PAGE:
Sat, Dec 18, 2010 - Page 2 News List

Airport chief vows to revamp image

‘TREE’ CHANGE:The president of the airport corporation said lighting a Christmas tree was part of a ‘revolutionary method’ to rescue the image of Taiwan’s main gateway

Staff Writer, with CNA

Staff dressed in Christmas costumes stand in front of a Christmas tree at the Taiwan Taoyuan International Airport -yesterday as part of an event to change the image of Taiwan’s primary international airport.

PHOTO: CNA

The Taiwan Taoyuan International Airport Corp (TIA) pledged yesterday to implement an efficient management model and improve service quality during a lighting ceremony for a giant Christmas tree in Terminal 2.

In an effort to emerge from the shadows of a series of negative reports over the past year, the TIA’s executive team will adopt a “revolutionary method” to save its image, TIA president Samuel Lin (林鵬良) said.

In the latest evaluations by the Airports Council International, the airport ranked 41st in terms of service quality this year, a fall from 27th place last year.

“We are going to highlight cultural perspectives at the airport, introduce a new business model and practice organization consolidation,” Lin said.

The lighting of the Christmas tree is part of a TIA campaign to connect Taiwan to the world, Lin said.

“We want to celebrate the holiday season with every traveler, domestic or international,” Lin said.

“By sending out the message ‘it’s time to go home,’ we want people to know that we care,” he added.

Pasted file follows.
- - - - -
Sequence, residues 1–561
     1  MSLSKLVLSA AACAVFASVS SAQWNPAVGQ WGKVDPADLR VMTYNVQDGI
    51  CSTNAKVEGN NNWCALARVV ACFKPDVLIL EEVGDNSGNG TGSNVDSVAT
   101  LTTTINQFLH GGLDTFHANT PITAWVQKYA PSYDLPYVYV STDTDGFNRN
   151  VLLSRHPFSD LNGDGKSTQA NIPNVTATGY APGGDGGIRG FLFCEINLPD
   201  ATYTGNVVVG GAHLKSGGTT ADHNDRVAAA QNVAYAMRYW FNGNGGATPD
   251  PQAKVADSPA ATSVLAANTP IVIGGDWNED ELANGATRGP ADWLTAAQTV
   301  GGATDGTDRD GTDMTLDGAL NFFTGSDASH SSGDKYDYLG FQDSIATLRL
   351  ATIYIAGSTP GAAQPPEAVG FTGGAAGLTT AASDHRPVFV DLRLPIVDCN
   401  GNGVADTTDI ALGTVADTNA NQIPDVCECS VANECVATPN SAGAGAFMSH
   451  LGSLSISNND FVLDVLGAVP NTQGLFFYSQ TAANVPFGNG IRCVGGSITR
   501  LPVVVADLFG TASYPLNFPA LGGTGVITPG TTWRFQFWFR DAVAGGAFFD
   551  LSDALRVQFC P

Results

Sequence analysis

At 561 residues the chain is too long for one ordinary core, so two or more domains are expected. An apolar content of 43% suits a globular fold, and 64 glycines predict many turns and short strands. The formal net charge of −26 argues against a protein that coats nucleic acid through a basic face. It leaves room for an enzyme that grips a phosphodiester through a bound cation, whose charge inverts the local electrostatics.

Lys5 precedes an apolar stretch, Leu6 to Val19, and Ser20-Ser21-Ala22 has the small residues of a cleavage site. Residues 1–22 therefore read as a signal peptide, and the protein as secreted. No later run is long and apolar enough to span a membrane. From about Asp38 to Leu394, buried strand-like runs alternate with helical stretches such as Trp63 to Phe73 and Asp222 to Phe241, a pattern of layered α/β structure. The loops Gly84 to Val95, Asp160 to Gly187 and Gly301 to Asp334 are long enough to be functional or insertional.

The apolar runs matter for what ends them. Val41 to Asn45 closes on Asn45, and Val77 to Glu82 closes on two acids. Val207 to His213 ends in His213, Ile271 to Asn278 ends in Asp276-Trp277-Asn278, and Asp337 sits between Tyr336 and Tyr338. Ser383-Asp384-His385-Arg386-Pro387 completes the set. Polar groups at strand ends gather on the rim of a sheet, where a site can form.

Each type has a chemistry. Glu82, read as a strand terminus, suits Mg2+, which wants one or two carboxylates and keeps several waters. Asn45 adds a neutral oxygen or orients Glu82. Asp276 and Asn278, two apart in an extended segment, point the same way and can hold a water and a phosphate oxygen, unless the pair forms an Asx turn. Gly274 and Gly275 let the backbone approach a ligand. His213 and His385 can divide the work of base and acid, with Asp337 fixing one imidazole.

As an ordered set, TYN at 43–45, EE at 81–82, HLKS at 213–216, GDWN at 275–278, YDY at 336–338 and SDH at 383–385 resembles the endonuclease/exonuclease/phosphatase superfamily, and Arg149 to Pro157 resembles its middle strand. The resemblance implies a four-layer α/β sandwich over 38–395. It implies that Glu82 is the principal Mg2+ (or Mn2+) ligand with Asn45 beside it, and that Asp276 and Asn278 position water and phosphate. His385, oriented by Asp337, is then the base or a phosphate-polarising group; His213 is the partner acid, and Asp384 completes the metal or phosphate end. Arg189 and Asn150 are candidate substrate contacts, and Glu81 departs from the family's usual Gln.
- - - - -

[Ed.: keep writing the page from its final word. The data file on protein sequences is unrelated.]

Lin said the airport would also hold activities on Taiwanese holidays to introduce the country to foreign travelers.

In terms of the new business model, the airport will open lounges that sell the same meals as those served in business class so that people can enjoy a “luxury sky kitchen” on the ground, he said.

“The airport must create a -customer-friendly environment and respond to customer needs in a timely manner,” Lin said.

To improve service quality, Lin said a program that teaches staff to multitask is expected by next June so they can become familiar with the overall operation of the country’s main gateway and act quickly in case of an emergency.

The airport has drawn widespread criticism since June when a jetway collapsed at the airport’s Terminal 2.

In early July, staffers of the airport’s central control room were caught having a party while on duty that included alcohol. Repeated toilet leaks and power blackouts have only compounded the facility’s woes.

As a result, the airport, which had been run as a government agency since it opened in 1979, formally began corporate-style operations last month, a move aimed at enhancing the facility’s efficiency.

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